If you follow this blog, you’ll know that I’m mad about bus tickets. I’ve designed tote bags, tablet cases, and notebooks with bus tickets, (check out Bus Ticket Tote Bag, How to Design Your Tablet Case with Bus Tickets, and How To Use Bus Tickets to Design Your Notebooks), and now I created my first bus tickets artwork.
This obsession with bus tickets all started on a random day. I was riding the bus and realized that I naturally accumulated an art material–a colored paper, a bus ticket. So I started collecting them because I knew I liked making crafts but I had little money to buy expensive paints.
From that day, I became sensitive to the free art materials that constantly came into my life. This is the case with bus tickets. I don’t have to go out of my way to get them. I just have to go through the course of my day, and hello, these colorful critters will say Hi, Jasmine! Nice to see you again. Where to now?
If you’re thinking, that bus tickets aren’t free because you pay the bus fare, your’e wrong. You pay for the ride, the journey from point A to B, so getting a colored paper is a bonus. I also sometimes get the leftover tickets that are crammed into the back of the bus seats or in the windows, but I make sure that there’s no bubble gum surprise inside.
I am attracted to the bus tickets because it’s a record of history. It’s the record of bus companies that have plied the streets of Manila. If some of these companies become extinct, the tickets become remnants, even collectibles, like phased out money, or stamps from a different era. Soon these bus tickets will cease to exists as many bus companies are starting to use that electronic ticket machine that spits out those white characterless receipts.
You’ll also see how different companies design their bus tickets. Some put smileys, flowers, crowns, etc. If you collect them long enough, you’ll also see how the bus ticket design of one company has evolved over the years.
Gears of correction tapes
Using naturally accumulated material to design something isn’t new to me. I remember when I was in high school, I used to finish up lots and lots of correction tapes. My test papers, especially the essay parts, had paragraph blocks of white correction marks. So I easily finished up these correction tapes and kept buying new ones.
Then one day, I felt that it was such a waste to throw them away. We had a project in school. I forgot which one, but I remember opening up a used correction tape and realizing that I can use the gears inside to design my project. I began saving these gears, and I incorporated them as a design element in my school projects.
Now I don’t do that anymore because I’m no longer a student, so the need to buy correction tapes, and thus the habitual accumulation of this material, has ended.
Besides bus tickets, my job as a reporter makes me naturally accumulate papers, CDs, tote bags, propaganda buttons, and mugs. I am thinking of turning them into some craft project because it’s a more productive way to get rid of trash, and it’s a way to turn trash into treasure.
Now on canvas
When I heard about Modern Art by Craig Damrauer which goes: modern art=I could have done that +yeah, but you didn’t.
I was like, I have to do this bus tickets thing before someone else beats me to it! I met a girl from a theater group who told me she knew three people who designed their notebooks with bus tickets too, and recently I interviewed Jose Santos III who told me that he also collects bus tickets. So I was like, I got to do this before these artists realize that they can use this thing for their art! I might not have the awesome technical prowess that they have developed over the years, but at least I’ll have the novelty of doing it first.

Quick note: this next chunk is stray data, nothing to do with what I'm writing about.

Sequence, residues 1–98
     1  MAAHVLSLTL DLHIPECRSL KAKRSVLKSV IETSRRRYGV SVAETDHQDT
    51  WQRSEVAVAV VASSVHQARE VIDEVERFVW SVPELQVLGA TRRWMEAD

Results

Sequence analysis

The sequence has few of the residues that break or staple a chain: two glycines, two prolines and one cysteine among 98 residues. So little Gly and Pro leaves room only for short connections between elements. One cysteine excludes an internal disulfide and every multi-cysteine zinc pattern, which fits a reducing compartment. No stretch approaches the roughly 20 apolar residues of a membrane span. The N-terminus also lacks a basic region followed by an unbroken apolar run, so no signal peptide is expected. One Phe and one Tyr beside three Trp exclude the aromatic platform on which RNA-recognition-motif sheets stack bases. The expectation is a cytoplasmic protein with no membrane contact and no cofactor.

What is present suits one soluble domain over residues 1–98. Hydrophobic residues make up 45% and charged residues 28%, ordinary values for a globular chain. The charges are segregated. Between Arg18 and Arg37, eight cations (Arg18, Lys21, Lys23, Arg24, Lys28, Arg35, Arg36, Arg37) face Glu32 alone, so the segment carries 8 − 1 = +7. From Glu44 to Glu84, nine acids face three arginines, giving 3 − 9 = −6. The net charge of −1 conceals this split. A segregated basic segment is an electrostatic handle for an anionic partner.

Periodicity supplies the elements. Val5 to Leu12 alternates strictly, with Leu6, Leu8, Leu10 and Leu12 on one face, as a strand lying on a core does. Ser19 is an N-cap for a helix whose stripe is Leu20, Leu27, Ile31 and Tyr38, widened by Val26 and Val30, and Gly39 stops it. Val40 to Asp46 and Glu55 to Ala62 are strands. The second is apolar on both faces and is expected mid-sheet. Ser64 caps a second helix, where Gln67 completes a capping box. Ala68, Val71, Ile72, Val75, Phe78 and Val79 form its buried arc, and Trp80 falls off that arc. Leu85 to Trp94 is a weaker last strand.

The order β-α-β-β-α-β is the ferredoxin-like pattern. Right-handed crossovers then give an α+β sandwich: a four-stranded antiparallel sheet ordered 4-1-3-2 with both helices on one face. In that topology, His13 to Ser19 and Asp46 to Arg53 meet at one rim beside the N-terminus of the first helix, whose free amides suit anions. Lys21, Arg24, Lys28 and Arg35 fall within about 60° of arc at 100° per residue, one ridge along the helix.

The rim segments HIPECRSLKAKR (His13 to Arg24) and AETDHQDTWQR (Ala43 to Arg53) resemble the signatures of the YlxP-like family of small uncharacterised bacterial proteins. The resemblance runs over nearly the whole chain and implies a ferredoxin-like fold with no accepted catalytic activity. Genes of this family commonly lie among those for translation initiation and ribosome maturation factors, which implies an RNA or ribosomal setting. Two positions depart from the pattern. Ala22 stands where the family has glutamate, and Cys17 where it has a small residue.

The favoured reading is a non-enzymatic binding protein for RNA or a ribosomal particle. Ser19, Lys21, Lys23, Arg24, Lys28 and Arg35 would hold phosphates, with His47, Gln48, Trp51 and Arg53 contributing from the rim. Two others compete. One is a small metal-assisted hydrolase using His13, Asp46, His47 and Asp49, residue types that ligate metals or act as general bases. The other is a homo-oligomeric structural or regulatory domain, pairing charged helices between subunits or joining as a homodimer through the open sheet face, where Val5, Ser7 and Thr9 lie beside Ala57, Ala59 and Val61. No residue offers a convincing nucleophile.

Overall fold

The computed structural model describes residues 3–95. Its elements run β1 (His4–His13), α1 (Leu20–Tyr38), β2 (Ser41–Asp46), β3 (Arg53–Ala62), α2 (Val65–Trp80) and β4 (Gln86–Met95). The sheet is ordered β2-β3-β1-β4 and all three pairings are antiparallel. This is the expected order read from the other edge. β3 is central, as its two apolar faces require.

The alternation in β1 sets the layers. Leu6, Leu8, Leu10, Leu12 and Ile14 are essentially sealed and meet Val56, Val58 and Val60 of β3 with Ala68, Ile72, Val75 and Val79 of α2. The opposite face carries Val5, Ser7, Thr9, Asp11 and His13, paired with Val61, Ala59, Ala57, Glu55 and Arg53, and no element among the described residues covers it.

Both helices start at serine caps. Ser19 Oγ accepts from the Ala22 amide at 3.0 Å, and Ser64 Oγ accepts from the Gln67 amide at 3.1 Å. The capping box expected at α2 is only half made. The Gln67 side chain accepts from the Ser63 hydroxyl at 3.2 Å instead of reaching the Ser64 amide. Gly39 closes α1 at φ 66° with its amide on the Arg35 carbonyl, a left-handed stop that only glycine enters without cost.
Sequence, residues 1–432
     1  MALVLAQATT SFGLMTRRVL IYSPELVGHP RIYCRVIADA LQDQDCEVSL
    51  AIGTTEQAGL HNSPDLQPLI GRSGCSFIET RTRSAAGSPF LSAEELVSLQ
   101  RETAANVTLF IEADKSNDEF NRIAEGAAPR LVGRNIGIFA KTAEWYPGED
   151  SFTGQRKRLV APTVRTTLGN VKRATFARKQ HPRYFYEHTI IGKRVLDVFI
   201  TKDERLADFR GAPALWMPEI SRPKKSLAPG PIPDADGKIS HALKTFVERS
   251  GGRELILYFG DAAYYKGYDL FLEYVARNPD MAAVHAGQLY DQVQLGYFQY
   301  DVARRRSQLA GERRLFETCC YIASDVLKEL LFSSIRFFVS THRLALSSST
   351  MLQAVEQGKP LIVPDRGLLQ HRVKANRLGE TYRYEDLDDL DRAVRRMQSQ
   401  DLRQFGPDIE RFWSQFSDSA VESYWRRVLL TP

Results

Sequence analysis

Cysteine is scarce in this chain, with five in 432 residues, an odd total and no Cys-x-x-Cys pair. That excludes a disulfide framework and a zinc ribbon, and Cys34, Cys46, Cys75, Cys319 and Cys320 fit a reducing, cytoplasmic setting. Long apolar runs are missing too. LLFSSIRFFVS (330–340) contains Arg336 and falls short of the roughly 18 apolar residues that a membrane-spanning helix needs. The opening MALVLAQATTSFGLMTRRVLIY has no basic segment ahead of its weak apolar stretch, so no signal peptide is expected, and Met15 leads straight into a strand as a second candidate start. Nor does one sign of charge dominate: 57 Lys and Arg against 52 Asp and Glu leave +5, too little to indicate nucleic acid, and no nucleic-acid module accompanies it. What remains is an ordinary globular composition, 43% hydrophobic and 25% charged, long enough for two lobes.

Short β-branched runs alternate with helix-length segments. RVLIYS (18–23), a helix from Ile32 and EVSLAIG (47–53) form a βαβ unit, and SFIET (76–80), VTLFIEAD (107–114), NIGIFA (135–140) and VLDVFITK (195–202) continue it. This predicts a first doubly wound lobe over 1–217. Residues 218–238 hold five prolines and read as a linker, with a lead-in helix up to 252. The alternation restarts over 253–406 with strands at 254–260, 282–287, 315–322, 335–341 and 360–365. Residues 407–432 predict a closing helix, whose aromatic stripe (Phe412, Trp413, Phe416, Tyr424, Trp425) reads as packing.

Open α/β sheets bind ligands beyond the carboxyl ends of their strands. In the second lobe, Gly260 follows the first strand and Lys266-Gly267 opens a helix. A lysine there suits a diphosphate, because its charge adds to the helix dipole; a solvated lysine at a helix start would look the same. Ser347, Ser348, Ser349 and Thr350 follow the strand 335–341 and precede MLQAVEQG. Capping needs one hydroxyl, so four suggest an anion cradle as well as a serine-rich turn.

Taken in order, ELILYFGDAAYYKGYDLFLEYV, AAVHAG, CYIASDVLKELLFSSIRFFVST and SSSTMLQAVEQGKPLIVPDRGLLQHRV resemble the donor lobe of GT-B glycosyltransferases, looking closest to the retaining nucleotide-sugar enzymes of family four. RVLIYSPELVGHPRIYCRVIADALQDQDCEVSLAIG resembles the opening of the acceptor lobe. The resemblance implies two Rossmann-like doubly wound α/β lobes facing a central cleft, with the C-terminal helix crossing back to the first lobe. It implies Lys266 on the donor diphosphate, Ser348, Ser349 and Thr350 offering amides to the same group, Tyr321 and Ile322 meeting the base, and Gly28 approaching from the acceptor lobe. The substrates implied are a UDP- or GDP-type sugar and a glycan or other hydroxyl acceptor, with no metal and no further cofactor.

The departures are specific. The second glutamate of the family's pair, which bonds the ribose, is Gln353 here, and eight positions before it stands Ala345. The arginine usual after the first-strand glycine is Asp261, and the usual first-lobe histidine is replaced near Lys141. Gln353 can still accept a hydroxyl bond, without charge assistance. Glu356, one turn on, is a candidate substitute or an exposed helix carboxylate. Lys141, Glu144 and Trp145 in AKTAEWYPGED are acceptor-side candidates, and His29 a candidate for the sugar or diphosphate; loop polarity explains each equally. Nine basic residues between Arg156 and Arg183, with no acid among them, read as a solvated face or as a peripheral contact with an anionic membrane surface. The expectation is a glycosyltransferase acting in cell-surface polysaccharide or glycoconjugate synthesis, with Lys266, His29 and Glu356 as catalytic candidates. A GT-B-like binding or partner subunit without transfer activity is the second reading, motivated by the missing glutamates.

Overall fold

I wanted to put the bus tickets on a canvas because it was ironic. We recognize bus tickets instantly because we always see them, but at the same time, we never look, we never examine, because they aren’t important. They belong to the world of the masses, composed of people who most consider to have baduy aesthetical leanings.
The canvas on the other hand, belongs to the world of art. The posh world of the elite. “The people who have taste.” The “significant” ones.
By placing the bus tickets on the canvas, the world of the lowly gets to invade the high class world. And maybe that’s what I feel right now as a reporter of the art world. A person from the middle class, a person who has never studied art, is now eating caviar at gallery openings.
I also felt that way when I got a scholarship in Ateneo and got to rub shoulders with the hacienderos and hacienderas of society, or when I entered the world of debate and met people who can spend P10,000 in one go or book a flight to Singapore at a moment’s notice, or in the writing world where there are many people who are there because they are rich enough to not earn a lot from their writing.
I’m an invader of these worlds, but I choose to stick around.
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All the opinions expressed in this page and in this blog are my own and do not represent the official stances of the companies, institutions, and organizations that I am affiliated with. I am a person. I’m not just a manifestation of corporate interests. I have an identity that is separate from my company because even if human beings are paid for a service by corporations, human beings are not owned by corporations.